If you are interested in helping create this and other creative Victory Garden Initiative programming, please contact me. We are always looking for cutting edge ways to engage people in local, sustainable, nutritious food systems, and you probably have a really great idea waiting to be tweaked and fostered.
PS- I have a friend who is a professional dog trainer. She has successfully trained her dog to hunt morels.. super cool!
By MICHAEL TORTORELLO
Published: April 14, 2010
HAVE you seen the Mushroom Man? No? Well, have you looked in the Secret Garden? It’s a real place, you know, a half-hidden community garden at the corner of Linden Street and Broadway, in Bushwick, Brooklyn.
The Mushroom Man is real, too. His name is Kendall Morrison — he’s 47 years old and semiretired from the publishing business — and on any given weekend, you’re likely to find him in a shady grove of silver maples, cultivating eight varieties of mushrooms.
You might not be able to tell right away what Mr. Morrison is doing. He may be wielding a hand drill, for instance, boring holes into a salvaged oak log. Or he may be pounding inchlong dowels into the wood with a mallet, each little peg impregnated with shiitake mushroom spawn.
“We started right around November,” Mr. Morrison said, referring to his 15 volunteers, “and we haven’t stopped. As long as we can work back there, we worked. Even when there was snow on the ground.”
There are perhaps 200 billets now, stacked like Lincoln Logs. While the wood sits impassively, as logs will do, long strands of mushroom — or mycelium — are infiltrating the grain and starting to decompose it. Later this spring and in the fall, the logs should flush with “fruit” where the spawn went in.
The reward? About a pound of edible mushrooms per log.
Mr. Morrison hopes to distribute this harvest to his many helpers. His nonprofit group, EcoStation: NY, will also be selling the mushrooms — at a very reasonable price, he said — to neighbors who drop by the Bushwick Farmers’ Market held at the garden from late May through Thanksgiving.
Yet more mushrooms are growing in burlap sacks stuffed with wood chips. There are 250 of these bags stacked in piles three feet tall that snake around the garden’s pathways.
“It looks like World War I,” Mr. Morrison said. “Like you’re in the trenches. In a way, this is the mushroom revolution here.”
If small-scale mushrooming is indeed a movement, Mr. Morrison seems to have a growing number of comrades nationwide. “Plug spawn sales are increasing dramatically,” said Paul Stamets, a prominent mycologist and founder of Fungi Perfecti, the Washington-state company from which Mr. Morrison orders many of his spawn and supplies.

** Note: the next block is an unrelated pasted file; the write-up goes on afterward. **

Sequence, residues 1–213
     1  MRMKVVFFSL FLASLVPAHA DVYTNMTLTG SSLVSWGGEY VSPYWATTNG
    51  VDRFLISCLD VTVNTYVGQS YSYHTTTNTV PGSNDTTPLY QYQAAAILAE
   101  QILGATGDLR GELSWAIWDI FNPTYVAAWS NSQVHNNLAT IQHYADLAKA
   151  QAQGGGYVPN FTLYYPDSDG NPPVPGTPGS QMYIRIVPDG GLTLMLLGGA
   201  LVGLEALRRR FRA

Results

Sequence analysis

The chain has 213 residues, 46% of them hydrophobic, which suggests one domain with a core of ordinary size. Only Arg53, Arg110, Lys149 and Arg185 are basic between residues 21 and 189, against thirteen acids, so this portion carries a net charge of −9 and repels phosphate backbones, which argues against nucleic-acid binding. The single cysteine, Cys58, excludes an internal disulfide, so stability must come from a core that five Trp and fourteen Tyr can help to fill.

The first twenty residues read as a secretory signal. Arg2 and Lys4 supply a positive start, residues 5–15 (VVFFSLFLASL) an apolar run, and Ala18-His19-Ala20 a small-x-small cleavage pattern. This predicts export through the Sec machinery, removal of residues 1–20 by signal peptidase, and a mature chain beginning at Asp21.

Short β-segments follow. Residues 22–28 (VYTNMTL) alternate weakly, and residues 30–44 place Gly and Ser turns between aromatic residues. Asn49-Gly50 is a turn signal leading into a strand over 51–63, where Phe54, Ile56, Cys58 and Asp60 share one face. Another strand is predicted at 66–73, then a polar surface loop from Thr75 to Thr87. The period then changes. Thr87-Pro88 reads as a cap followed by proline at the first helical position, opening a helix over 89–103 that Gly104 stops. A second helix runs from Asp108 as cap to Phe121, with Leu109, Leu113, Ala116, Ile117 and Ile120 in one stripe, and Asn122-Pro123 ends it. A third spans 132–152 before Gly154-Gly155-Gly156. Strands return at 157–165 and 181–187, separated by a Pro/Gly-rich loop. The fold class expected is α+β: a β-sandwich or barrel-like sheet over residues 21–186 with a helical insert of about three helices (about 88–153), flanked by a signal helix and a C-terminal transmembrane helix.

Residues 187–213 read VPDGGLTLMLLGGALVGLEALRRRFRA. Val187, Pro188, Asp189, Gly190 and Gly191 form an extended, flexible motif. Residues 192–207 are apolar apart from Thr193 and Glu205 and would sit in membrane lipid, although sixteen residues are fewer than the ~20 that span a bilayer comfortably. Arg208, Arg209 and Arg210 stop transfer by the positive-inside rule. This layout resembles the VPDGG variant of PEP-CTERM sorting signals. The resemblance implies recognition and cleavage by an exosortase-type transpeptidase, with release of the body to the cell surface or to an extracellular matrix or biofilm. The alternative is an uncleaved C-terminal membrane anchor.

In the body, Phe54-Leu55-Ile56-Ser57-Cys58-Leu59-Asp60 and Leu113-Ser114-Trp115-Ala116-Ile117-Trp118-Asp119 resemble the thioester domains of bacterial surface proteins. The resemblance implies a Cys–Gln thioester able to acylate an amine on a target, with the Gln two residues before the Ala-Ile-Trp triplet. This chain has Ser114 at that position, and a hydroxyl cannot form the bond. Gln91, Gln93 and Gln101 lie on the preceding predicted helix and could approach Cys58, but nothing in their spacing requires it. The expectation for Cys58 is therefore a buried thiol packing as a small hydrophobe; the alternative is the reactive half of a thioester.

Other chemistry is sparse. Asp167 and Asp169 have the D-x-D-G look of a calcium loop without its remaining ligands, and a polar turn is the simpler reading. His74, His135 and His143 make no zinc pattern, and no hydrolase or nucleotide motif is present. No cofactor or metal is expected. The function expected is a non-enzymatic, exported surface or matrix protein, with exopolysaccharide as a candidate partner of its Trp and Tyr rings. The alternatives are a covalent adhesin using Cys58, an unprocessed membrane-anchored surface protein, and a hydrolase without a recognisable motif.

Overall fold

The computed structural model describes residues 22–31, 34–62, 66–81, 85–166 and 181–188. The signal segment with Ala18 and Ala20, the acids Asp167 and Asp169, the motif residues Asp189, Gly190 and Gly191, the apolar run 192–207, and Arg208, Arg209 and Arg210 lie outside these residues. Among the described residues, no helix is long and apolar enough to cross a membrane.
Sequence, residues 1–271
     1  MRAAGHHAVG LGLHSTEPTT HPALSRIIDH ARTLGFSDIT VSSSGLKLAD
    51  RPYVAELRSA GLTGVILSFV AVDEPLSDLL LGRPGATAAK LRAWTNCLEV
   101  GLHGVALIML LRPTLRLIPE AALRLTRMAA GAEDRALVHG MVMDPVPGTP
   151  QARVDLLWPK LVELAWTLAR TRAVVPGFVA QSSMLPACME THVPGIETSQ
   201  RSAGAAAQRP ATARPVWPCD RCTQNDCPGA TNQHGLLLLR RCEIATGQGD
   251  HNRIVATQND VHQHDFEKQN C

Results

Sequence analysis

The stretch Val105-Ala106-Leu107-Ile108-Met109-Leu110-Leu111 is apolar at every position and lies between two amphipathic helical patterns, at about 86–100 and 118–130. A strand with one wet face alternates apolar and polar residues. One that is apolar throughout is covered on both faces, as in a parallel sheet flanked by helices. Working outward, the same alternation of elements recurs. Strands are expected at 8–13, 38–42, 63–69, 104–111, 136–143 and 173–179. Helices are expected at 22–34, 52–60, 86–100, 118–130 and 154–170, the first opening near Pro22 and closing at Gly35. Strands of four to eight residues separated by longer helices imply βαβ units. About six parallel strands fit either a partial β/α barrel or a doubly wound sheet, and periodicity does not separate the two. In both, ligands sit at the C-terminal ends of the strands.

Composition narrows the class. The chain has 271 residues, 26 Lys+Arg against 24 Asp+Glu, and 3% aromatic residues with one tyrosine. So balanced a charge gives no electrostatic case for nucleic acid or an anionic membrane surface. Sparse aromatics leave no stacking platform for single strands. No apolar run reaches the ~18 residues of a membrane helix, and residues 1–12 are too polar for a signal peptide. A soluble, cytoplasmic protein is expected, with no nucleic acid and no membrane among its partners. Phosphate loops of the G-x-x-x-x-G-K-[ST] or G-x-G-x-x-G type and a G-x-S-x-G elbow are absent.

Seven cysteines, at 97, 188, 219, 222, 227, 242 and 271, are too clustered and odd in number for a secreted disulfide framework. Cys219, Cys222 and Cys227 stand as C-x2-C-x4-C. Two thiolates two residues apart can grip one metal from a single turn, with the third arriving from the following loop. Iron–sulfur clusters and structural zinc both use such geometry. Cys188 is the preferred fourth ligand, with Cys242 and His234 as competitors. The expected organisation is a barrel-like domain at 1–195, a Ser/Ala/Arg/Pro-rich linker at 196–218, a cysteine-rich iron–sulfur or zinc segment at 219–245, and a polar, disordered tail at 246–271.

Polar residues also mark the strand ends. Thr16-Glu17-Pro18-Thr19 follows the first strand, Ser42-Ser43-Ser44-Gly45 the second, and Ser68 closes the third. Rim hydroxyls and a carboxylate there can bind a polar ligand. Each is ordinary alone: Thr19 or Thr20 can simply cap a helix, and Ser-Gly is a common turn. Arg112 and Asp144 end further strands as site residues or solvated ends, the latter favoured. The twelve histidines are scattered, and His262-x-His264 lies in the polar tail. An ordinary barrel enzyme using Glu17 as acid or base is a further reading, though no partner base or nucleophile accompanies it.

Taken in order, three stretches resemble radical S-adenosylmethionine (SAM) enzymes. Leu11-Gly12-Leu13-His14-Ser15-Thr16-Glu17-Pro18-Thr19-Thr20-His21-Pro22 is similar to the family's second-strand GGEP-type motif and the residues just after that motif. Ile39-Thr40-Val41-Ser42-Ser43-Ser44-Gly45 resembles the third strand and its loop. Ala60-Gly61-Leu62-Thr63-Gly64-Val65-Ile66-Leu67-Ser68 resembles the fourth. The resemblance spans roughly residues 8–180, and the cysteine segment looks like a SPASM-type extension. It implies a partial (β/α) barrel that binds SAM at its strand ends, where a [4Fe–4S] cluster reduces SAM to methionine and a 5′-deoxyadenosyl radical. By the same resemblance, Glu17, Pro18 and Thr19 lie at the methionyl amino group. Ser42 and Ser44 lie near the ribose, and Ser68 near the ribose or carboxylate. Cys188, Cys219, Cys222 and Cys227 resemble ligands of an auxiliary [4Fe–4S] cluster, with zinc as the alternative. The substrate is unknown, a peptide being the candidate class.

“The mushroom kit sales are increasing at maybe 25 percent per year, for the last three years,” he said. “The plug spawn sales are easily double that over a three- or four-year period.”
Mr. Stamets, 54, attributes this new popularity to the “magical” flush of the mushroom. “They’re seemingly invisible, and yet they erupt into view within a day or two,” he said. “There are mushrooms that will break through concrete, and there are mushrooms that form fairy rings. People are curious about that.”
Cooking shows and food magazines now call for something more than the standard plastic-wrapped button mushroom, according to Mary Ellen Kozak, 50, who is an owner of the mushroom-supply company Field and Forest Products in Peshtigo, Wis. A recent Martha Stewart Living recipe recommended beech mushrooms, Ms. Kozak noted. “I don’t know that I would have seen that five years ago, even,” she said.
Feeding those foodie appetites — and the farmers’ markets that sell to them — has created new demand for mushroom spawn and gear, said Joe Krawczyk, 53, Ms. Kozak’s husband and business partner. “We’ve shown a real steady uphill growth of 5 percent a year for the last 10 years,” he said. “But we’ve seen a real jump of sales — 20 percent — in 2009. And we’re 20 percent over last year, already,” year to date.
Shiitake mushrooms have been grown successfully in Japan for at least a millennium, Mr. Stamets said. But if old photos are to be believed, the “soak and strike” method required a certain comfort level with chilly water, colossal hammers and crippling labor. The tamer and more reliable backyard business began in the United States around the same time as his company — that is, 1980 — with the concept of nurturing all kinds of spawn in grain and then shipping them by mail.
Click here for the rest of the story at the New York Times!
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Some Nearby Mushroom Wizzards
In the meantime, a great local place to get your spawn is from Joe and
Mary Ellen of Field and Forest Products in Peshtigo
(www.fieldforest.net), a really helpful, nice couple that offer annual
workshops on shitake log-prepping. And if you’re looking for local
experts, the Wisconsin Mycological Society is a quirky, fun group of
amateur experts that host mushroom forays and lectures throughout the
year (www.wisconsinmycologicalsociety.org) Our next event is an annual
picnic June 26th, a great place to meet mushroom foragers/growers/
enthusiasts, and forays will continue in fall (most are in spring/fall
when most of the mushroom action happens!)
Rotting Your World: Designing a better garden mushroom bed
contributed by Tina Samuels